Volatility returned to Shanghai and Hong Kong as better-than-expected growth data reduced the chances of fresh economy-boosting measures from Beijing
China's GDP expanded 7.0 percent year-on-year in the second quarter, official data showed Wednesday, beating expectations as months of central bank policy stimulus helped support the world's second-largest economy.
The gross domestic product figure announced by the National Bureau of Statistics (NBS) matched the 7.0 percent expansion in the first three months of this year, and exceeded the median forecast of 6.9 percent in an AFP survey of 14 economists.
The figure was in line with the government's official target for GDP growth this year of "about 7.0 percent".
The better-than-predicted GDP result encouraged some economists to nudge their full-year forecasts higher.
China's economy, a key driver of world growth, expanded 7.4 percent last year, slower than the 7.7 percent in 2013, and its weakest annual growth since 3.8 percent in 1990.
The slowdown has been a major factor in a global fall in commodity prices, and so far the economy has largely failed to pick up momentum this year.
"The domestic and external economic conditions are still complicated," NBS spokesman Sheng Laiyun said. "The global economic recovery is slow and tortuous and the foundation for the stabilisation of China's economy needs to be further consolidated."
But in more bullish remarks he added that the figures showed growth had "stabilised" and was "ready to pick up".
"It's very likely economic growth in the second half will be better than the first half," he added, citing positive factors including policy support and a recovery in the property market.
Chinese authorities are looking to diversify growth away from big-ticket projects -- that helped drive years of double-digit GDP expansion -- to consumer demand, which is seen as more sustainable. But too fast a deceleration in investment can be harmful to overall growth.
They have been taking more aggressive preemptive steps with the People's Bank of China (PBoC), the central bank, cutting benchmark interest rates four times since November and reducing bank reserve requirements in a bid to boost lending.
Such measures can take time to affect growth.
- 'Upside risk' -
The NBS also said industrial output, which measures production at factories, workshops and mines, rose 6.8 percent year-on-year in June, accelerating from May's 6.1 percent.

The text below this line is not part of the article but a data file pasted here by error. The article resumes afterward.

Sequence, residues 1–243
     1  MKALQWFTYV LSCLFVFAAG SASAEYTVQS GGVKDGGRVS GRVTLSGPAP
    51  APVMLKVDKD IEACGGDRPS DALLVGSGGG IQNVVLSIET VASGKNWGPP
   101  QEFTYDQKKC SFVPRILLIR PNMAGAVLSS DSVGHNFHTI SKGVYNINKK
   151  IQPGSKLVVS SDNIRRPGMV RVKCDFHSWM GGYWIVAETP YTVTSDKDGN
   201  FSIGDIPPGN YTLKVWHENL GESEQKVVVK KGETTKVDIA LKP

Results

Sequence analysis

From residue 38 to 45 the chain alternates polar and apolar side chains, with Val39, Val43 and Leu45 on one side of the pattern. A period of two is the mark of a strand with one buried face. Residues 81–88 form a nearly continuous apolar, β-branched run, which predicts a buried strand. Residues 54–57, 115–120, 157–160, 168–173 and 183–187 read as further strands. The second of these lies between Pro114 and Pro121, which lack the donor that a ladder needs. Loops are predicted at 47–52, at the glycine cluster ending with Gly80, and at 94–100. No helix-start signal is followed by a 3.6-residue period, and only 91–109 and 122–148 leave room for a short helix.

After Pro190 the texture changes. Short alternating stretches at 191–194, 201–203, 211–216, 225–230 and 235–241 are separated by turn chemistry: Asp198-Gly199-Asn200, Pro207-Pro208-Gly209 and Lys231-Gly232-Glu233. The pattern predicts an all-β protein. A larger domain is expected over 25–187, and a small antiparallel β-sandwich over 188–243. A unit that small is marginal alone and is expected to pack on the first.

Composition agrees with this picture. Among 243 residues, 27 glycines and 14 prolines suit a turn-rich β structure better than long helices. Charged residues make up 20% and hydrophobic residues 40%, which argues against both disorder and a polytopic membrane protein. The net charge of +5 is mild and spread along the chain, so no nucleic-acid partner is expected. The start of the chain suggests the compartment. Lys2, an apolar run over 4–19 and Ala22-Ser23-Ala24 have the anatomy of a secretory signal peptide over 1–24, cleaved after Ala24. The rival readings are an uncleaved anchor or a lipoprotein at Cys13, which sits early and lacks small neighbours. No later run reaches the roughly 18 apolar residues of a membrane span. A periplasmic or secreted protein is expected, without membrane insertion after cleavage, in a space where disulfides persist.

It was ahead of a median forecast for 6.0 percent expansion in a survey of economists by Bloomberg News.
Retail sales, a key indicator of consumer spending, increased 10.6 percent last month from the year before, the NBS said, a faster pace than May's 10.1 percent.
It also beat a Bloomberg News survey's median 10.2 percent.
And fixed asset investment, a measure of government spending on infrastructure, expanded 11.4 percent in January-June year-on-year, the same as for the first five months of the year and remaining at its lowest since 2000.
In light of the figures Nomura lifted its annual GDP forecast from 6.8 percent to 6.9 percent.
But it cautioned in a note that "headwinds from property investment and overcapacity remain" and authorities were likely to further ease monetary policy this year.
Chaotic trading on the country's key stock markets in recent weeks has added to uncertainty. However, Julian Evans-Pritchard, China economist at capital Economics, said in a note that GDP benefitted temporarily during the second quarter as a whole from the "unsustainable surge in financial sector activity".
"Looking ahead, the support to growth from the financial sector should soon fade," he said.
"But the recent step-up in policy support will limit the downside risks," he added.
Despite the positive GDP figure, China's benchmark stock index closed down 3.03 percent as investors questioned whether there would be more stimulus measures.
"The GDP numbers are really good," Bernard Aw, a Singapore-based strategist at IG Asia told Bloomberg News. "The better-than-expected GDP reading suggested that Beijing may take its foot off the pedal on more stimulus measures for the time being. This will affect sentiment in the stock market."
China's total trade declined in the first half of this year, official data showed Monday, falling well short of the government's targets, and posing a significant weight on growth. Manufacturing has also languished with official and private surveys showing it hovering near the borderline between expansion sand contraction.
"The resilience of retail sales in June is a further encouraging sign that downside risk, while not negligible, is receding, despite recent equity-market volatility," Andrew Colquhoun, head of Asia-Pacific Sovereigns at Fitch Ratings, wrote in reaction to the data.
"Nonetheless, the longer-term outlook remains one of structural slowdown as the economy works through a painful process of adjustment and deleveraging."